Salk Institute

Institute News

Tony Hunter One on One with Tony Hunter

In an office filled nearly floor to ceiling with journals, books and papers from a four-decade career, it’s easy to imagine you're visiting with a wizard—especially when you see Tony Hunter's flowing white beard and the strange map of a watery kingdom on his wall.
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Ed Callaway Salk professor receives Howard Hughes Medical Institute Collaborative Innovation Award

Edward Callaway has been selected as a participating investigator by a team that is the recipient of a Howard Hughes Medical Institute (HHMI) Collaborative Innovation Award (HCIA).
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Women and Science Women & Science

More than 30 women business and community leaders in San Diego attended the inaugural Salk Women & Science event to hear about ground-breaking research being conducted by female faculty at the Salk Institute.
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Discovery Roundup

Recycling Cellular Fuel Salk study may offer drug-free intervention to prevent obesity and diabetes

It turns out that when we eat may be as important as what we eat. Scientists at Salk have found that regular eating times and extending the daily fasting period may override the adverse health effects of a high-fat diet and prevent obesity, diabetes and liver disease in mice.
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Recycling Cellular Fuel Salk scientists discover molecular link between circadian clock disturbances and inflammatory diseases

Scientists have known for some time that throwing off the body’s circadian rhythm can negatively affect body chemistry. In fact, workers whose sleep-wake cycles are disrupted by night shifts are more susceptible to chronic inflammatory conditions such as diabetes, obesity and cancer.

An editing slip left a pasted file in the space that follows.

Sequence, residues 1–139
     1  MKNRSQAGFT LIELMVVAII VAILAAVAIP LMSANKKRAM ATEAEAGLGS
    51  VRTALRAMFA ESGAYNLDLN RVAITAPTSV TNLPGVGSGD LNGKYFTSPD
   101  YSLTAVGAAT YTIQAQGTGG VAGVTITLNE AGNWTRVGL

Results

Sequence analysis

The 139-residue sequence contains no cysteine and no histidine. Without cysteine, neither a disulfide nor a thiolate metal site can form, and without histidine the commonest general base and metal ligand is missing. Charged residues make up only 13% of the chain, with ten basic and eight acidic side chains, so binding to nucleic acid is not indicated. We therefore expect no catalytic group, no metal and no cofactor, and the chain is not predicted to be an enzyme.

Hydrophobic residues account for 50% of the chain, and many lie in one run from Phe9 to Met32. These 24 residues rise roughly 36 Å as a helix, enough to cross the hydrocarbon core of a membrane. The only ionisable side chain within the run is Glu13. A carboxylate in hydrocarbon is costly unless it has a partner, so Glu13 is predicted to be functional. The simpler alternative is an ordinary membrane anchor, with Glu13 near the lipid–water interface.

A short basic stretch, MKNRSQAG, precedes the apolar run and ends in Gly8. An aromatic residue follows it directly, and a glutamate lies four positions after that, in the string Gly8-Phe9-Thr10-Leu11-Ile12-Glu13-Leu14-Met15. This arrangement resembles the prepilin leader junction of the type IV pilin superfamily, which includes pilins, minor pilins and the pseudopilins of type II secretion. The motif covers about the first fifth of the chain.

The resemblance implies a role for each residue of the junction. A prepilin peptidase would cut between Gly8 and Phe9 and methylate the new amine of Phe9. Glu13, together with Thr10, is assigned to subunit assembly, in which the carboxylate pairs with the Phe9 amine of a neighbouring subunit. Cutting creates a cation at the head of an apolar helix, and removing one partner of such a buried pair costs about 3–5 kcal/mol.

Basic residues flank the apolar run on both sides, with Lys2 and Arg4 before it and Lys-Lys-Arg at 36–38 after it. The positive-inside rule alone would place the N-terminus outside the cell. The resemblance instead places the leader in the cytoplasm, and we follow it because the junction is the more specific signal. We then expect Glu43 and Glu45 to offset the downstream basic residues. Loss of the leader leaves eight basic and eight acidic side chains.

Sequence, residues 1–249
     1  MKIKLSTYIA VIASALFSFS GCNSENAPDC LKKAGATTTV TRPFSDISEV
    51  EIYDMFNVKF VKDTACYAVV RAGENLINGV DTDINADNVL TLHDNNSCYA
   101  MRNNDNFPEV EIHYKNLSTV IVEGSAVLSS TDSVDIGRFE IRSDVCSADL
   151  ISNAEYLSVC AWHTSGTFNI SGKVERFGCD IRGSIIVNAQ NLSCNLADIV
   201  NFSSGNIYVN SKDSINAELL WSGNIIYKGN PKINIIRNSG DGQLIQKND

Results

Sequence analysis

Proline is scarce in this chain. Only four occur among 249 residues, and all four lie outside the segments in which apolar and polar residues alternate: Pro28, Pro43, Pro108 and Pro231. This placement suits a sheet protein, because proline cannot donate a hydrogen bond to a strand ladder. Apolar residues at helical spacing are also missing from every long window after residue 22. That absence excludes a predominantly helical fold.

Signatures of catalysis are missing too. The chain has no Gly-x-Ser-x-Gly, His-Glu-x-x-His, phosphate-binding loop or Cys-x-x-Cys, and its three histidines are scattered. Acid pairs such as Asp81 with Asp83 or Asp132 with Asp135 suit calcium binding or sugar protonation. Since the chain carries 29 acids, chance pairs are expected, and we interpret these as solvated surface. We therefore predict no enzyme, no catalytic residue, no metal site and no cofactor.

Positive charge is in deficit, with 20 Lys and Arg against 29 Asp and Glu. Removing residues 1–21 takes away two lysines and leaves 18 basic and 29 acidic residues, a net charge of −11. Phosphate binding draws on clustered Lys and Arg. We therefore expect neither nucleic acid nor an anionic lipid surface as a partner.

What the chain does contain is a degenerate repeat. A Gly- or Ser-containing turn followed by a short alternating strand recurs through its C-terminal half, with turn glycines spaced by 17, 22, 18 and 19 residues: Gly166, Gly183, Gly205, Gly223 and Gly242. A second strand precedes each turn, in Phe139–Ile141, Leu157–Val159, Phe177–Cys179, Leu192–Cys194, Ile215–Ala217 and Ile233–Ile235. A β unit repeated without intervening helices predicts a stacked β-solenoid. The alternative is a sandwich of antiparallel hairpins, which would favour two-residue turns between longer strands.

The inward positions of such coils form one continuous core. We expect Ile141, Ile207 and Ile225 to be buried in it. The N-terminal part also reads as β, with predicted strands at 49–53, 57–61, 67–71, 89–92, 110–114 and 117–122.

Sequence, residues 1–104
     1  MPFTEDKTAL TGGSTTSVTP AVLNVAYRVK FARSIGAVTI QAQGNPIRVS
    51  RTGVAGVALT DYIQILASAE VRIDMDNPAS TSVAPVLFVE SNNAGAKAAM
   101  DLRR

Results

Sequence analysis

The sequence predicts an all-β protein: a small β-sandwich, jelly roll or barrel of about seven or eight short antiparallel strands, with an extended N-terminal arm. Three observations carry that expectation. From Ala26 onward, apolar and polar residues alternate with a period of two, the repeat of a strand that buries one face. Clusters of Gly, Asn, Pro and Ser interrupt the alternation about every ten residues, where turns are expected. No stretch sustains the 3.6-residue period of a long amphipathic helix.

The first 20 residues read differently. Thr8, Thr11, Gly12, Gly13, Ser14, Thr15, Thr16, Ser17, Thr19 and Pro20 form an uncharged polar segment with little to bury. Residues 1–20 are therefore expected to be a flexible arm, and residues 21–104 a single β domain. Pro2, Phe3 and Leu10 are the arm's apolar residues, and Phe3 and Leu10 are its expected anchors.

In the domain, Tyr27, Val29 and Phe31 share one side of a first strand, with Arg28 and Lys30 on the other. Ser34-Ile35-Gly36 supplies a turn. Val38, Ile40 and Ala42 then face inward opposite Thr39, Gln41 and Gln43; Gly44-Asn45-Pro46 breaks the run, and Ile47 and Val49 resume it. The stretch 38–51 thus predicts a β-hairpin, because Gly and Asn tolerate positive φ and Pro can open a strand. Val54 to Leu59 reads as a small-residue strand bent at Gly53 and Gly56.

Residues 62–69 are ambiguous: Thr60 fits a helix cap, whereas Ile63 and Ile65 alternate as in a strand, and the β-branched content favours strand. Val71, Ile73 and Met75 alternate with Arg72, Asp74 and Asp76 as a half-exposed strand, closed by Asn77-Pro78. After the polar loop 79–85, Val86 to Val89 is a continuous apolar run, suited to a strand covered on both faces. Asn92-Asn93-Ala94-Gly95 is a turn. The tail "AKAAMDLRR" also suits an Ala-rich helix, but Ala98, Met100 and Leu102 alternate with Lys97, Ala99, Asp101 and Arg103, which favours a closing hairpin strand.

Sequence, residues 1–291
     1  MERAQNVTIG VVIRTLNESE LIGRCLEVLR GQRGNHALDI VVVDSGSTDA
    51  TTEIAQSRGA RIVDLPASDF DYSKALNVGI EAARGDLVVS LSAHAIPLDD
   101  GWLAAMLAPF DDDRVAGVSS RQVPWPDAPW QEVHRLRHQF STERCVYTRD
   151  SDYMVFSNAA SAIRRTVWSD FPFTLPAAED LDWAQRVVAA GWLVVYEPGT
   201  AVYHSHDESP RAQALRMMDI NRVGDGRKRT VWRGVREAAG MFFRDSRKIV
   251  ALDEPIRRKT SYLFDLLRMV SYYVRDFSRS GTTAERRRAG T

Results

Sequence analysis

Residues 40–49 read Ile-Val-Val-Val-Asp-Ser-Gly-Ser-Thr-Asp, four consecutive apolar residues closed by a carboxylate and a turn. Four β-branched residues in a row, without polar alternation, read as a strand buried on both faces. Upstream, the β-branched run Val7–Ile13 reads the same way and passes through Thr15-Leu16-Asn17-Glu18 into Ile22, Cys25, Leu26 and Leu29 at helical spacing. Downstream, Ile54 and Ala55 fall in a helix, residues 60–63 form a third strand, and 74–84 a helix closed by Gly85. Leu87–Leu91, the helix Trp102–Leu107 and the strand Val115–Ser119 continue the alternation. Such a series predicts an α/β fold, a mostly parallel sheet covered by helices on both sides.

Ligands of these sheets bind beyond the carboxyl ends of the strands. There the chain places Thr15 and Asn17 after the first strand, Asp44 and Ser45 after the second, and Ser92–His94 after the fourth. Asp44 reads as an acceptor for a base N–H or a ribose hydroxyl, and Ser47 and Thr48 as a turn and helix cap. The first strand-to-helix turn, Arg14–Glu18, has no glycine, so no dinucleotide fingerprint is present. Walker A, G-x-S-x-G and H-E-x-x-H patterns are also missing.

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Discovery Roundup

Inaugural Alumni Fellowship "Magical state" of embryonic stem cells may help overcome hurdles to therapeutics

With their potential to treat a wide range of diseases and uncover fundamental processes that lead to those diseases, embryonic stem (ES) cells hold great promise for biomedical science.
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Salk Institute Planting the seeds of defense

It was long thought that methylation, a crucial part of normal organism development, was a static modification of DNA that could not be altered by environmental conditions. New findings by Joseph Ecker, however, suggest that the DNA of organisms exposed to stress undergoes changes in DNA methylation patterns that alter how genes are regulated.
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